I got with Ryan Krous, the publisher for Scout.com InsideTheRams.com for a look at the Colorado St. Rams. I also answered his questions about the Rebels.
Here is your look, behind enemy lines: the Colorado St. Rams:
Joe- 1. CSU enters the game at 3-4 and like the Rebels have had some inconsistencies and injuries in 2016. How would you summarize the Rams season up to this point, and has it met the expectations of most fans entering the season?
Ryan- It has been a whirlwind season to date, yet the Rams are still in the hunt for a bowl bid in Mike Bobo's second year at CSU. The Rams had blowout losses to their top two rivals earlier in the year - Colorado and Wyoming - which were major disappointments, especially considering the Rams were considered a superior team at home in the 21-point loss to Border War foe Wyoming. The Rams have also utilized three quarterbacks. They began the year with this week's starter - Nick Stevens - before letting Georgia transfer Faton Bauta take over for Stevens after his horrific opener against Colorado.
Bauta was a decent running threat, but an even worse passer, as the CSU offense could hardly gain a first down with Stevens and Bauta at the helm. True freshman Collin Hill then entered the fray and immediately flourished, throwing four touchdowns and running for a 51-yard score in the first half of his first career start against Northern Colorado. Hill was one of CSU's best players before tearing his ACL against Utah State, an 14-point comeback win for the Rams several weeks ago.
All in all, the season has mostly been disappointment, yet most followers of the program considered this more of a rebuilding year anyway. CSU's defense is young and inexperienced and Bobo has utilized 24 first-time players and seven true freshmen overall. The Rams have a solid amount of talent across the board, but inconsistency has resulted in a volatile performance in 2016.
Joe- 2. How has head coach Mike Bobo done so far in his tenure at CSU? What are his strengths and where would you like to see him and his staff improve?
Ryan- So far, the results are mixed. He did get to a bowl game in his first season, which ended in a loss to Nevada in the Arizona Bowl. That was a positive, but he didn't exactly come to CSU with the cupboard bare, either. This year, expectations were a little higher, but the 3-4 start has halted some of their offseason momentum, in which the Rams signed one of their better signing classes in recent memory and are set to open a new on-campus stadium next fall.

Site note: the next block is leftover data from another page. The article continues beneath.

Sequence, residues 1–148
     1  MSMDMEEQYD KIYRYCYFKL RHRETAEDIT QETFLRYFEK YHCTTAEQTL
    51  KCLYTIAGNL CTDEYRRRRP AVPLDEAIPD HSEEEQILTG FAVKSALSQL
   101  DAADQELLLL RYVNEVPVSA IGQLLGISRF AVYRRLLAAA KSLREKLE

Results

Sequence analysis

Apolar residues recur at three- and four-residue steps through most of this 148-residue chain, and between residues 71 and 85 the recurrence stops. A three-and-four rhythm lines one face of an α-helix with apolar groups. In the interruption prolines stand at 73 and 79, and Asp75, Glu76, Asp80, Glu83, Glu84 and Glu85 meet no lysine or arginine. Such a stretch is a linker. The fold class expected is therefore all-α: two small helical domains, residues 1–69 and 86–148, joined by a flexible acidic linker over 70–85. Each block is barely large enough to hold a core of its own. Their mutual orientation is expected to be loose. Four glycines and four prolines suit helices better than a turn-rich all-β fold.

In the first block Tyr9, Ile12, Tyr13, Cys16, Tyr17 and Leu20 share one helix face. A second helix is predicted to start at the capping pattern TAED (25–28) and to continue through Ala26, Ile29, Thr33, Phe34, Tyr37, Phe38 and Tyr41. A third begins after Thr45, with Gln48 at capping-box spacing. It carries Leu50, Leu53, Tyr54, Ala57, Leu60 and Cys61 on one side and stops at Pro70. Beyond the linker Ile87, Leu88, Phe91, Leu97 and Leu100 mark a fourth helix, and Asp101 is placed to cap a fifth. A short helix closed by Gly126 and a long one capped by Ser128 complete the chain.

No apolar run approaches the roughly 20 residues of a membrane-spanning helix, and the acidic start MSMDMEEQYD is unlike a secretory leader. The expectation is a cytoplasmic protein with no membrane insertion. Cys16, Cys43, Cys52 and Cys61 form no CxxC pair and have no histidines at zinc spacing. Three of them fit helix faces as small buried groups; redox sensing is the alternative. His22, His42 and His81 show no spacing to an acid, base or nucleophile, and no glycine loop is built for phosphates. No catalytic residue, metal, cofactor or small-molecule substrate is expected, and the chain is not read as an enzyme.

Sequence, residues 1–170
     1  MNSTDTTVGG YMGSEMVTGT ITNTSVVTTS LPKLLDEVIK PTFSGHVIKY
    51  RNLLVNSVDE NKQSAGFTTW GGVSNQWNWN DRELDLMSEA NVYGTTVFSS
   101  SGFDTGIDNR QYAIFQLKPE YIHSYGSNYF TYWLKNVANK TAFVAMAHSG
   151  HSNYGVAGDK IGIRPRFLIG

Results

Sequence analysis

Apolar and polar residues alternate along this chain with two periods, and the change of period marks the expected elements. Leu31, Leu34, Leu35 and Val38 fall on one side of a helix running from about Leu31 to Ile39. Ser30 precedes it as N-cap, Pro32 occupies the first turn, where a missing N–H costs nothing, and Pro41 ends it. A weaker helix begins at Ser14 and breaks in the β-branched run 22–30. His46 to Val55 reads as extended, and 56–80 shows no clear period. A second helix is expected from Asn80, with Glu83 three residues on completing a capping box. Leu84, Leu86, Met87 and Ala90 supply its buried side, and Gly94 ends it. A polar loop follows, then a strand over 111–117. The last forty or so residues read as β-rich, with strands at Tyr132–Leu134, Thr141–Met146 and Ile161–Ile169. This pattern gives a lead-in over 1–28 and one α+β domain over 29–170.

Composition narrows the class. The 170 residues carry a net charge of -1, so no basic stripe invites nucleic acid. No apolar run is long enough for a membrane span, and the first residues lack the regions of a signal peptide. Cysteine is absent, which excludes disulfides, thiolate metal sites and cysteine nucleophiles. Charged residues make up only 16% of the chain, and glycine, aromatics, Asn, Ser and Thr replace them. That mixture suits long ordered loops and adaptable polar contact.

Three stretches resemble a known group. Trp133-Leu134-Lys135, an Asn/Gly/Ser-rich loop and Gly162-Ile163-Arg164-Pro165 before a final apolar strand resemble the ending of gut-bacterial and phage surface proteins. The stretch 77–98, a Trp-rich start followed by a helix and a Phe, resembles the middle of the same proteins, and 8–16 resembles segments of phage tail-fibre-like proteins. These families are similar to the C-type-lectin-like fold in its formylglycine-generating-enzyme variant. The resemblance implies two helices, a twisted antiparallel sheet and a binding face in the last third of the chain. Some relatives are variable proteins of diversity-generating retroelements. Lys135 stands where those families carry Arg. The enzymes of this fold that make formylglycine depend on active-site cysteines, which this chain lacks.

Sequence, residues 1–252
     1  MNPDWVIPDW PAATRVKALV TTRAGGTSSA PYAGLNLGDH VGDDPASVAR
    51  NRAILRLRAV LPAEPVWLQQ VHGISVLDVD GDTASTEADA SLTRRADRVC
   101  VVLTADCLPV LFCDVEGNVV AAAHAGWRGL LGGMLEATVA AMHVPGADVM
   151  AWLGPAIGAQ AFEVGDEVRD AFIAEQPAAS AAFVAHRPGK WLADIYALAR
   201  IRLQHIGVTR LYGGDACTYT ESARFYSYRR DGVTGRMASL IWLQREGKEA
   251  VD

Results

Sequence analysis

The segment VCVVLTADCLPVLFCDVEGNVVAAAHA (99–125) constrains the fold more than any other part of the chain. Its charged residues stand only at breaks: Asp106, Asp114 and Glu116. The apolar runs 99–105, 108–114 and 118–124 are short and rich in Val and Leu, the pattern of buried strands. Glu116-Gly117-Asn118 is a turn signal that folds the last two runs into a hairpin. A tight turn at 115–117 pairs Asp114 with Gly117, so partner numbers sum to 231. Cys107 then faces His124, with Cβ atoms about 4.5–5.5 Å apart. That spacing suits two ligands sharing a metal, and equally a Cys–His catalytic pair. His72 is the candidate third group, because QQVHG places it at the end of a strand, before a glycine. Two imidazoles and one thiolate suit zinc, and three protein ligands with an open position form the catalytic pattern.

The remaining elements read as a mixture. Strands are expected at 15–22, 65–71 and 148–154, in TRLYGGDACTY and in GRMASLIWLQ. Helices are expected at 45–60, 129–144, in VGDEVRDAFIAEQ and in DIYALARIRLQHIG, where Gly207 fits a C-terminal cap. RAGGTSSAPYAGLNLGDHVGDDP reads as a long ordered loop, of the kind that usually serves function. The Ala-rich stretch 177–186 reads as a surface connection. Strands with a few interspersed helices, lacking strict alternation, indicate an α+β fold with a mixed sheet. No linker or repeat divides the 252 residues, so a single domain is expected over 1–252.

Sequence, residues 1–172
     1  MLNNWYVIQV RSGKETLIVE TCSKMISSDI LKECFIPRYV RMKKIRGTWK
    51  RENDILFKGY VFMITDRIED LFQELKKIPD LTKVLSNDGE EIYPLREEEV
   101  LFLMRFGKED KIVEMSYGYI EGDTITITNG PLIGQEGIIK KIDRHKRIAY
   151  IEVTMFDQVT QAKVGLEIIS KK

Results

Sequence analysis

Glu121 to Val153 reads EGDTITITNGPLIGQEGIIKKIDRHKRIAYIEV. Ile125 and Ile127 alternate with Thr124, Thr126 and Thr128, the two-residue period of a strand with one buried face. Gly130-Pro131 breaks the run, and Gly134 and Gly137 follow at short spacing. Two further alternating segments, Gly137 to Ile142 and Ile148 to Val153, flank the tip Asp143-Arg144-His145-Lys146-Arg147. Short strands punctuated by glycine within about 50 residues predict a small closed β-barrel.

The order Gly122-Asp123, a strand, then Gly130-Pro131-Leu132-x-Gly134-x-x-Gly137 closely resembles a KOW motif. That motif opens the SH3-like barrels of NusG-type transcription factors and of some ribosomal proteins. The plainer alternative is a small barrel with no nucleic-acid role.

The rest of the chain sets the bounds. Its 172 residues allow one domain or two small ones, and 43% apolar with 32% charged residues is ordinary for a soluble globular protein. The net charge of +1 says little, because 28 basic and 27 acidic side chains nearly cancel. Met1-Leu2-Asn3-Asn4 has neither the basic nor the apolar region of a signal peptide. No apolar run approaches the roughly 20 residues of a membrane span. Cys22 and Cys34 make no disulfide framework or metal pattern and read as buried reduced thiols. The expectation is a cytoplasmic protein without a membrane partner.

His strengths are as a recruiter (he recruited some of Georgia's top players during his 14 years in Athens), he is a player's coach and he was known as a strong Xs and Os guy at UGA as the offensive coordinator. His offense has been hit or miss this year, but a big part of that has been to an underachieving offensive line and poor quarterback play.
The playcalling has received mixed reviews and CSU's defense was a mess prior to the win over Utah State. In the staff's defense, there is some lacking personnel to enable certain schemes to flourish. So the reality is CSU will need another recruiting class or two before we can really begin to critique how effective the staff has been.
Joe- 3. What can the UNLV fans expect from the CSU offense and how has the QB carousal effected the Rams? Who are the playmakers, the strengths and weaknesses?
Ryan- Offensively, CSU runs a base prostyle set. They will run some mixed spread, which has been a benefit when the run game has been ineffective. The Rams have two solid tailbacks, one of which is Dalyn Dawkins, who ran for a career-high 151 yards against UNLV last year. He is quite small, but is explosive and very tough for his size. His issue has been an inability to make defenders miss in open space. The other back is bruiser Izzy Matthews, who is starting to come into his own.
At receiver, junior college transfer Michael Gallup has started to emerge. He has grabbed four touchdown passes over his last five games and averaged 88 yards per game over that span. Other than Gallup, CSU's receivers have struggled with consistency, as have the tight ends. Then at quarterback, Nick Stevens is the man going forward with Hill out for the year. Stevens threw four touchdowns against the Rebels last year and appears to have regained his form of old over the past two weeks. Really, the Rams go as their offensive line goes. When they block well, then CSU can run the ball and the passing game follows suit. Otherwise, CSU doesn't have the horses to be a passing-only team.
Joe- 4. Same question, just on the defensive side of the ball. What can the Rebels fans expect from the CSU defense? Who are the playmakers, the strengths and weaknesses?
Ryan- CSU's defense was on pins and needles for the first quarter of the season, having been very ineffective. But following a big second half performance against Utah State (the Rams trailed 24-10 at half, but posted a second-half shutout en route to a 31-24 win) and a strong showing at Boise State last week, confidence has returned to the unit. They are still green in the secondary and struggling to find a solid pass rush.
Senior linebacker Kevin Davis is the best player on the defensive side. He is the leader of the team, although he isn't very vocal. Safety Jake Schlager is a steady tackler. While I am quick to note CSU's lack of a quality pass rush, the defensive line really has improved of late. True freshmen Toby McBride and Arjay Jean at end have really improved over the past couple of weeks. Fellow freshman O'Shea Jackson had a nice week at nose tackle against Boise State last week. So some pieces are developing, but like I said, there has been inconsistent play with CSU's 3-4.
Joe- 5. Finally, what are your keys to a Rams victory and a sore prediction for Saturday's game?